There's a nice balance between comedy and horror here, and Schifrin diligently includes all the necessary elements, most notably a little nudity, some suspense, a bit of humor, and a few quality kills. Old-school purists will no doubt appreciate Schifrin's reliance on using man-in-a-suit technology, as opposed to CG, and you have to like the featured creature's big ol' hinged jaw that opens really, really wide. Having been burned by the subject matter before, I wasn't really expecting too much out of this, but everything comes together just as it should, and Schifrin now has the distinction of having made what I consider THE Bigfoot movie.

Rating for Style: B+
Rating for Substance: B+


Image Transfer

Aspect Ratio1.78:1 - Widescreen
Original Aspect Ratioyes

Image Transfer Review: It's a shame the 1.78:1 anamorphic widescreen transfer isn't up to Anchor Bay's usual high standards, because it takes away from the whole experience. I could maybe look past the edge enhancement and other compression distractions if the night scenes were perhaps a little less muddy. There were times when it was difficult to tell what a character was seeing because the black levels were rather blobby, but scenes set indoors looked far more natural, carrying warm colors and natural fleshtones.

Not Anchor Bay's best effort by a long shot.

Image Transfer Grade: C+


Audio Transfer

 LanguageRemote Access
DS 2.0Englishyes
Dolby Digital

Audio Transfer Review: Audio options are Dolby Digital 5.1 and 2.0 surround mixes, both in English. Neither track do wonders for dialogue, which tend to get lost during noisy swells from the score (courtesy of Ryan's father, the one and only Lalo Schifrin), but the 5.1 makes up for it with deep, sub-heavy monster rumbles and some effective rear channel creaks and howls.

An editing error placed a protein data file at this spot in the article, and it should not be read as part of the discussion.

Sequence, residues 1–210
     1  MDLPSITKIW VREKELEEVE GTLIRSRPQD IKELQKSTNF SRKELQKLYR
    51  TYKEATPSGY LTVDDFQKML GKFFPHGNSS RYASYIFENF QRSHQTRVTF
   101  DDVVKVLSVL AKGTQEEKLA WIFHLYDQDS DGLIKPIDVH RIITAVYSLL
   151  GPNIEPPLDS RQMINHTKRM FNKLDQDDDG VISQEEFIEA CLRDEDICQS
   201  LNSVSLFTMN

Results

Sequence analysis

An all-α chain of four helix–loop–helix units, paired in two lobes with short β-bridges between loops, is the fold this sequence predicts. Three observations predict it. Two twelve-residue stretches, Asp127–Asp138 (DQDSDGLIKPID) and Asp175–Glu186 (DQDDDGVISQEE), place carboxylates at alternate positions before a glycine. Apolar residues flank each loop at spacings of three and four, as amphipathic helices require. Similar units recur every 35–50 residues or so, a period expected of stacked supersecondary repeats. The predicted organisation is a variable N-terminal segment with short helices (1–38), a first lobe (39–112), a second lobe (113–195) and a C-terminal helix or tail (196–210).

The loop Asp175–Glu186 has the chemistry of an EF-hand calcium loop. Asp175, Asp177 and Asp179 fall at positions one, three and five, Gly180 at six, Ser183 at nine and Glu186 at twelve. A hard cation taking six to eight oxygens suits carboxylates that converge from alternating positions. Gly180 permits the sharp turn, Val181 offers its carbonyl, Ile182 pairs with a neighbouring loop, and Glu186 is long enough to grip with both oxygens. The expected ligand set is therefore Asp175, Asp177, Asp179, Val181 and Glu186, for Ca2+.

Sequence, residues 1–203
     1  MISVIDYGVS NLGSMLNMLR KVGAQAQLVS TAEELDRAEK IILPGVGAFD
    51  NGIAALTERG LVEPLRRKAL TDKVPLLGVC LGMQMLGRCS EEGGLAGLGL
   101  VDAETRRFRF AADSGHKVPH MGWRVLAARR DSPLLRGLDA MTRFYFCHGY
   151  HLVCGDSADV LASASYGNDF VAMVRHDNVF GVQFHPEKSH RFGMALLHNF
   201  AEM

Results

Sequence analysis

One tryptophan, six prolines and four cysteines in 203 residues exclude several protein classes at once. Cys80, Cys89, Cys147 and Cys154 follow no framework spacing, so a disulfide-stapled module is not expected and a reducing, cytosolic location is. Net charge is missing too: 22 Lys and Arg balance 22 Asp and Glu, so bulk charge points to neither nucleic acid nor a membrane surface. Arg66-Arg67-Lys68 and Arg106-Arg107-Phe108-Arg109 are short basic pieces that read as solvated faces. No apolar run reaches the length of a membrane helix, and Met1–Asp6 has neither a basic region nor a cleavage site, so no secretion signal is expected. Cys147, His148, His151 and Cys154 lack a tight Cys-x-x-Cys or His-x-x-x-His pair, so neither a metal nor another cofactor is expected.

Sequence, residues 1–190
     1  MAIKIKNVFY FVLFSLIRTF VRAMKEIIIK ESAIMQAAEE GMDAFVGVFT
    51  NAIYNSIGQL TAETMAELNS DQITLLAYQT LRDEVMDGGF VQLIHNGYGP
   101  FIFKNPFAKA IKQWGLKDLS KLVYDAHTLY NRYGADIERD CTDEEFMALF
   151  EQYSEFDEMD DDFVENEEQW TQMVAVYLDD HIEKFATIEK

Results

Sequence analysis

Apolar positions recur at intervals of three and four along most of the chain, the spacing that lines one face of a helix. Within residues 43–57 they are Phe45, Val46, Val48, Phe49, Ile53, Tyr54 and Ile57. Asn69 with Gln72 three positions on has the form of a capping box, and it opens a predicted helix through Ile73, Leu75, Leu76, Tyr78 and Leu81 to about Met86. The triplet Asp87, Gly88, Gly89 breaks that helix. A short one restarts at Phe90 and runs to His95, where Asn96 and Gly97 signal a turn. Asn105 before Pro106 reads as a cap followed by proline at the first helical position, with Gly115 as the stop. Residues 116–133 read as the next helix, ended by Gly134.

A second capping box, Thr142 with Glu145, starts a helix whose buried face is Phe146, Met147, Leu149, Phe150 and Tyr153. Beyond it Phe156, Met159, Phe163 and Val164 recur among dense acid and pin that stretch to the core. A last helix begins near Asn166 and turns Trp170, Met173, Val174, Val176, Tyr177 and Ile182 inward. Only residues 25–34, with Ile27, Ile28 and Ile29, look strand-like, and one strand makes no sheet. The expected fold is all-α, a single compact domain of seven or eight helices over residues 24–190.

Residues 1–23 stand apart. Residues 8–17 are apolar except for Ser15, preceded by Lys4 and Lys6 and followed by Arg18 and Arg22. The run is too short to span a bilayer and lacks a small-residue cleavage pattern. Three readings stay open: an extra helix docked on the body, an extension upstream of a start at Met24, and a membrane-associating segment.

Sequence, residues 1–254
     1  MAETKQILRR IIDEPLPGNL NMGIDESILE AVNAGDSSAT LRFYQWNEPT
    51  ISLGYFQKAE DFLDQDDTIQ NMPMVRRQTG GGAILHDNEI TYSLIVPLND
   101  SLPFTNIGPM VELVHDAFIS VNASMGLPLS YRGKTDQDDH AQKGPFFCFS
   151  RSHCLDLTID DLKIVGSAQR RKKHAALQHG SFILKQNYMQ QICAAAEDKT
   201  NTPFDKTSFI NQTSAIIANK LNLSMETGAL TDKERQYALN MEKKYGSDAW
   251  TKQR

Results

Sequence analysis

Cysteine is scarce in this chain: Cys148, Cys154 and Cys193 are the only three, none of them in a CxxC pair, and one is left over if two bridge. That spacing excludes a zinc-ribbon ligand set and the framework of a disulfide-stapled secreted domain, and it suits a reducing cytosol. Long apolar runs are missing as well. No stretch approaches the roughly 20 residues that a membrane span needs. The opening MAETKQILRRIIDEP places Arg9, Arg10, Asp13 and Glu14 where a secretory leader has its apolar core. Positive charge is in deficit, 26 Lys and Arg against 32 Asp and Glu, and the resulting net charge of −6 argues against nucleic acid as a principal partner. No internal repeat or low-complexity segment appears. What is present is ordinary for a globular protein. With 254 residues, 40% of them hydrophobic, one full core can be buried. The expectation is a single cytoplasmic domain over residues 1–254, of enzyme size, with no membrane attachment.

Audio Transfer Grade: B


Disc Extras

Animated menu with music
Scene Access with 12 cues and remote access
2 Original Trailer(s)
6 Deleted Scenes
Production Notes
1 Documentaries
3 Featurette(s)
1 Feature/Episode commentary by Ryan Schifrin, Matt McCoy, Jeffrey Combs, Chris Conlee
Weblink/DVD-ROM Material
Packaging: Amaray with slipcase
Picture Disc
1 Disc
1-Sided disc(s)
Layers: dual

Extra Extras:
  1. Photo Gallery
Extras Review: Quite a lot of extras here, beginning with a solid commentary track from writer/director Ryan Schifrin and actor Matt McCoy, as well as some separately recorded comments from editor Chris Conlee and actor Jeffrey Combs during his two scenes. Schifrin probably could have handled the chore on his own, but Conlee gets to point out the use of the infamous Wilhelm Scream during Lance Henriksen's demise, and that little nugget just about made my day.

Back to Genre: Making Abominable (37m:26s) is your typical collection of cast/crew interviews, discussing the origins, the effects, the casting, and of course the music, considering Lalo Schifrin's involvement. No earth-shattering reveals, but still a watchable piece.

Next is a set of six deleted/extended scenes (06m:14s), none of which really add anything substantial, and then a dreaded outtakes/bloopers reel (04m:10s) that follows tradition of this type of extra and isn't really all that funny. Also thrown in is the black-and-white Shadows: Director Ryan Schifrin's USC Student Film (08m:06s), a poster and still gallery, a storyboard gallery, the screenplay-as-PDF, and a six-page booklet written by Schifrin, including a nice sendoff to the late Paul Gleason.

Extras Grade: B


Final Comments

Anchor Bay's Abominable isn't as completely dark as I always hoped the ideal Bigfoot movie could be, but it is an immensely enjoyable genre film that succeeds where so many others have failed. It moves fast, has a number of great cameos, and has the kind of ebullience that is so often lacking in low-budget horror.

Highly recommended.